The Seekers are celebrating a very special time in their lives, and including their fans in the festivities. Dudith Durham, Bruce Woodley, Keith Potger, and Athol Guy have been a band for 50 years. That's right, a Golden Jubilee means 50 years in show biz. Before we have a look at the latest media attention, here's a quick background into the world of Seekers tours.
Judith Durham said on 60 minutes that they really had an easy career. Judith now realises she took for granted the instant TV coverage they received just a day after they arrived in England. Success welcomed the group whenever they wanted it. Judith then chose time off from the group for independence and to find her own identity. But the memory of The Seekers stayed with the public. And hence the later tours.
Judith has continually been able to return to the group with the same support from fans ever since. Their 25th anniversary Silver Jubilee (when I was 4) sparked a decade of performances. They united aft…
On the seriously popular app Pinterest, we can all be an artist. Or a cook. Pinterest allows egalitarian sharing of crafty creations and web sites with absolutely anyone. This how-to-DIY-guide of the social networking world is changing creative expressions of thousands of people.
Pinterest is a potential shopping mall of the future. Amazingly unique and exotic gifts can be found on the site and ordered by price. Why wander around the shopping mall in search of something different when we can buy it at the click of a button? When we don't want to wait around for an auction on Ebay, there's always this collection of references to bargain sites.
This R2D2 bin was sold on Etsy (& so was its image above) after some free advertisement on Pinterest.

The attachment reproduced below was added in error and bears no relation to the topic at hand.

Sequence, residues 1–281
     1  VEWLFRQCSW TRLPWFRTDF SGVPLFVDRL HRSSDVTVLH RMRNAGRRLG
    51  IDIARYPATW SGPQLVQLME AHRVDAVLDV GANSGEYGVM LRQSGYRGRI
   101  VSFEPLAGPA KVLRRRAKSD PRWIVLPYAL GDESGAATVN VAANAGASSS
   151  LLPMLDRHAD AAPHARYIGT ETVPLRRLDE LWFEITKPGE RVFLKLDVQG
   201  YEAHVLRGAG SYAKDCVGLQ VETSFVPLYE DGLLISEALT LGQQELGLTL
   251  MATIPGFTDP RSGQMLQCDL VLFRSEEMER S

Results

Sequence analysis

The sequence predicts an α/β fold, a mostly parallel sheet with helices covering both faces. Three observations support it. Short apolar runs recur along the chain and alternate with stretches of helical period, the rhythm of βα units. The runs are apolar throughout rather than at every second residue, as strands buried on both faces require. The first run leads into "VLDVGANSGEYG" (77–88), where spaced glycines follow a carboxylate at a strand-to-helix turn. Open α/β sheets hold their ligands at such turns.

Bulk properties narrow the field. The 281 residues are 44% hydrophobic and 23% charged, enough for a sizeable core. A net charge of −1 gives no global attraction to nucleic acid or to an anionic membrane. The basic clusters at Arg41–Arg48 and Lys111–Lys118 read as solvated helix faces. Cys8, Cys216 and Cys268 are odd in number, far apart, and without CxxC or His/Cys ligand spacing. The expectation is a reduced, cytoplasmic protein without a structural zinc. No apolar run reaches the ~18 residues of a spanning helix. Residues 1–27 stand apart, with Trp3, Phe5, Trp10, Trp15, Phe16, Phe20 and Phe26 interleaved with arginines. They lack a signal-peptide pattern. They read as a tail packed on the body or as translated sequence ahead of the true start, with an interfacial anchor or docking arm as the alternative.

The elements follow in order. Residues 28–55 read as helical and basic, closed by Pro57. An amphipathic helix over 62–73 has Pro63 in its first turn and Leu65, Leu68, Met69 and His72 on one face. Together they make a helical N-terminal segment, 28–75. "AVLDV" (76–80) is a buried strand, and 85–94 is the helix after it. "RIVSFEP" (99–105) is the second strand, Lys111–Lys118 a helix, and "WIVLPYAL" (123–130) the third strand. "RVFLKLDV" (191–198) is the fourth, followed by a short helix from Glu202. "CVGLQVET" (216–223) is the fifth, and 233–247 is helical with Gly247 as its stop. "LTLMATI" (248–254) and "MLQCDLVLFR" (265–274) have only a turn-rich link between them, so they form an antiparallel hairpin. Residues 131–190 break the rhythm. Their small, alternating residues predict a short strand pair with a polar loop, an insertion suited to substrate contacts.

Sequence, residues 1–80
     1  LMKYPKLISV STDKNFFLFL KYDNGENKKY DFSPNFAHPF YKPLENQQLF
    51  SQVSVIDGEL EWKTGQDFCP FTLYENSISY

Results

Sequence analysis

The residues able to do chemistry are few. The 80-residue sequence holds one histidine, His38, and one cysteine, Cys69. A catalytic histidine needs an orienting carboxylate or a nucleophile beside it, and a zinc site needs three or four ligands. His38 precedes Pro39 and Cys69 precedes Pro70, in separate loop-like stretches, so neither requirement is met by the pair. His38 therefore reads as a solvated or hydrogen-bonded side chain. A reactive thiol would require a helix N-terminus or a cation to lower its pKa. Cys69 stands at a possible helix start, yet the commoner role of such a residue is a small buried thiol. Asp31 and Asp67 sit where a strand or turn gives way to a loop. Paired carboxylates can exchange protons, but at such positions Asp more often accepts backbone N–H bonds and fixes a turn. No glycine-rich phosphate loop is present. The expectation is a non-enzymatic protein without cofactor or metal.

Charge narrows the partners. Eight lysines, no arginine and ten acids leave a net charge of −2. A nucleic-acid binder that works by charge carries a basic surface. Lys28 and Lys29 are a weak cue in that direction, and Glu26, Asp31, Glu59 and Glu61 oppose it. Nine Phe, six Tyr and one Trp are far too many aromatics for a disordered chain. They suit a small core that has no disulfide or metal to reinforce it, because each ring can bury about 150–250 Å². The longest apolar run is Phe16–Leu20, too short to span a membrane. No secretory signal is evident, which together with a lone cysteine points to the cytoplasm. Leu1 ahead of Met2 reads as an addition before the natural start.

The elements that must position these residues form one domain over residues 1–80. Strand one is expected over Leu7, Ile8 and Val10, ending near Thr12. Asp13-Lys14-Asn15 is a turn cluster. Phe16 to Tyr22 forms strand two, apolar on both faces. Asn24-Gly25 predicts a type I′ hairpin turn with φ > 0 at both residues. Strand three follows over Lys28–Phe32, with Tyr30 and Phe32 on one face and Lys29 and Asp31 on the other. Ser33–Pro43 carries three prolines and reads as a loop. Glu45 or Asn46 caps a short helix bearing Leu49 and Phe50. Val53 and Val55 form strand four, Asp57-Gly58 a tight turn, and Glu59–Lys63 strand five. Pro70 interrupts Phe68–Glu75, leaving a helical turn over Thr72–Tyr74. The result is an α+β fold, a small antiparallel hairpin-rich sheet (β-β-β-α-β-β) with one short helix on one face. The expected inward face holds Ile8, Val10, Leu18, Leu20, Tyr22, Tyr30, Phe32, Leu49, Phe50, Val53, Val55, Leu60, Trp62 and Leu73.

The DIY world is another reason to join the crowd at Pinterest. I took a bit of getting used to the technology (I'm getting old fashioned), but you just click on the picture and the referenced web page will appear.
The Sydney Morning Herald has implemented a monthly charge for users to access articles on their web site. Only the first 30 articles are free. Under the current system, readers would pay up to $300 a year. This dollar value assumes such a news source is not substitutable. Or is it? There was talk of this being planned for quite a while. But it is still a massive shock to the loyal readers.
The good old SMH has kept a flow of revenue from advertisements for some time. That should be enough. Sometimes a pop up would grab our attention before being closed. A banner in the footer of the home page (that is an attempt at descriptive techie lingo) is all about American Express. Links on the right hand side promoted anything and everything. That should have been enough. Our favourite brands would have paid big bucks for exposure on a very popular online site.
Let's hope there is a very good reason for the SMH to suddenly restrict the site to subscriptions. A monthly payment is too much…